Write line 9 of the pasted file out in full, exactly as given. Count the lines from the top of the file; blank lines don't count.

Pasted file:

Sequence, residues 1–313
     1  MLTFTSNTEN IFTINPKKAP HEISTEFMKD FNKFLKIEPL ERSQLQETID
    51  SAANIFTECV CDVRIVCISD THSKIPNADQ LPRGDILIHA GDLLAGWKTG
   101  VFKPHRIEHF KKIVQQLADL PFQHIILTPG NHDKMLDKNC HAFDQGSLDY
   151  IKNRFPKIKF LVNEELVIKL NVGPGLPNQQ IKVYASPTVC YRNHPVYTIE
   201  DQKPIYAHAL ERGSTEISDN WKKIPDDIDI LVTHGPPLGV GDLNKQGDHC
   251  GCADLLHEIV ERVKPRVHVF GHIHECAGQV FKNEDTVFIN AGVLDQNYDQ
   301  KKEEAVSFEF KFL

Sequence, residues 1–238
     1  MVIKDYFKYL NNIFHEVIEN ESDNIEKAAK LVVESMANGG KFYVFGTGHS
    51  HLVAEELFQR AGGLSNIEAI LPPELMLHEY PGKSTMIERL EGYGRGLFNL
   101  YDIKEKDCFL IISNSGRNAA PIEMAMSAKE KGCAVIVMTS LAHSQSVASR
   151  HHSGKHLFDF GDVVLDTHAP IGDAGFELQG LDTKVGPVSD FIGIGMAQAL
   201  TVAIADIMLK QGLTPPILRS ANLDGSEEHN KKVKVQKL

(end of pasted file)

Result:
Sequence, residues 1–238